Eastern Mistletoe, Gui Américain, Gui de Chêne, Mistletoe, Muérdago Americano, Phoradendron flavescens, Phoradendron leucarpum, Phoradendron macrophyllum, Phoradendron serontium, Phoradendron tomentosum, Viscum leucarpum, Viscum flavescens.
American mistletoe is a plant. The flower, fruit, leaf, and stem are used as medicine.
American mistletoe is used as a smooth muscle stimulant to increase blood pressure, and to increase muscle contractions in the uterus and intestine. It is also used to cause abortions.
How does it work?
Chemicals in American mistletoe affect muscles.
Insufficient Evidence to Rate Effectiveness for...
- Increasing muscle contractions.
- Causing abortion.
- Increasing blood pressure.
- Other conditions.
Natural Medicines Comprehensive Database rates effectiveness based on scientific evidence according to the following scale: Effective, Likely Effective, Possibly Effective, Possibly Ineffective, Likely Ineffective, and Insufficient Evidence to Rate (detailed description of each of the ratings).
American mistletoe is POSSIBLY UNSAFE when taken by mouth. All American mistletoe plant parts have historically been considered poisonous. However, some reports suggest that eating up to 20 berries or 5 leaves might not cause serious adverse effects. However, American mistletoe can cause nausea, vomiting, diarrhea, decreased heart rate, hallucinations, and heart problems in some people. Also, one of the chemicals in American mistletoe seems to be similar to poisons in cobra venom. This chemical can cause “cardiac arrest,” a condition in which the heart suddenly stops beating.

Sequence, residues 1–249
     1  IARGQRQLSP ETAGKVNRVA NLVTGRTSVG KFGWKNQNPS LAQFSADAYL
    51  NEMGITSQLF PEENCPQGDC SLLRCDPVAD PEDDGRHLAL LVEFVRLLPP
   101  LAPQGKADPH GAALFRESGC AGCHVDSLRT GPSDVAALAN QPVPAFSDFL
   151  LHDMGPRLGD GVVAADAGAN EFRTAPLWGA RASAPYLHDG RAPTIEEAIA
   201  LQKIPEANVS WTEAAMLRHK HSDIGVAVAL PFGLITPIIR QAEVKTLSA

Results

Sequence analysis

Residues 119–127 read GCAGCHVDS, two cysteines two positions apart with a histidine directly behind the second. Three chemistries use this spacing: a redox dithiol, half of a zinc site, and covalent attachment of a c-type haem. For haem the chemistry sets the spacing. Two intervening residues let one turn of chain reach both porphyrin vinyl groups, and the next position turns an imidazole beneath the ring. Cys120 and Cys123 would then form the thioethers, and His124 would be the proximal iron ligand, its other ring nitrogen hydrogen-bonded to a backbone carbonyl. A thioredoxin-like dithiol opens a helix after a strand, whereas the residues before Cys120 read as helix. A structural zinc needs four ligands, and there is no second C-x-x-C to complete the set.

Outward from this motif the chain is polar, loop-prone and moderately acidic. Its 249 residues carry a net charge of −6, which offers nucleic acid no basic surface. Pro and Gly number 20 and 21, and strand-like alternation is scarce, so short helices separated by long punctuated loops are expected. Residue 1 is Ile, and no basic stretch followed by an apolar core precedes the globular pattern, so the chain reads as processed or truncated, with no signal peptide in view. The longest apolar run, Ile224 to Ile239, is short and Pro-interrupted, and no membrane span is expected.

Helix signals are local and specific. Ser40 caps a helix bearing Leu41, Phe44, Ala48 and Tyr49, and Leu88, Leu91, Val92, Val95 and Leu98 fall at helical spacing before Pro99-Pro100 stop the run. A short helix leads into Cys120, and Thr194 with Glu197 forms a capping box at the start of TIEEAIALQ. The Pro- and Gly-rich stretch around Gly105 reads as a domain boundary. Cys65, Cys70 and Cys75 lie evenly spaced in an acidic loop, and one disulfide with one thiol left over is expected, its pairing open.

The appropriate dose of American mistletoe depends on several factors such as the user's age, health, and several other conditions. At this time there is not enough scientific information to determine an appropriate range of doses for American mistletoe. Keep in mind that natural products are not always necessarily safe and dosages can be important. Be sure to follow relevant directions on product labels and consult your pharmacist or physician or other healthcare professional before using.
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Foster S, Tyler VE. Tyler's Honest Herbal, 4th ed., Binghamton, NY: Haworth Herbal Press, 1999.
Hall, A. H., Spoerke, D. G., and Rumack, B. H. Assessing mistletoe toxicity. Ann.Emerg.Med. 1986;15(11):1320-1323. View abstract.
Krenzelok EP, Jacobsen TD, Aronis J. American mistletoe exposures. Am J Emerg Med 1997;15:516-20. View abstract.
Moore HW. Mistletoe poisoning: a review of the available literature, and the report of a case of probable fatal poisoning. J S Carolina Med Assoc 1963;59(8):269-271.
Spiller, H. A., Willias, D. B., Gorman, S. E., and Sanftleban, J. Retrospective study of mistletoe ingestion. J.Toxicol.Clin.Toxicol. 1996;34(4):405-408. View abstract.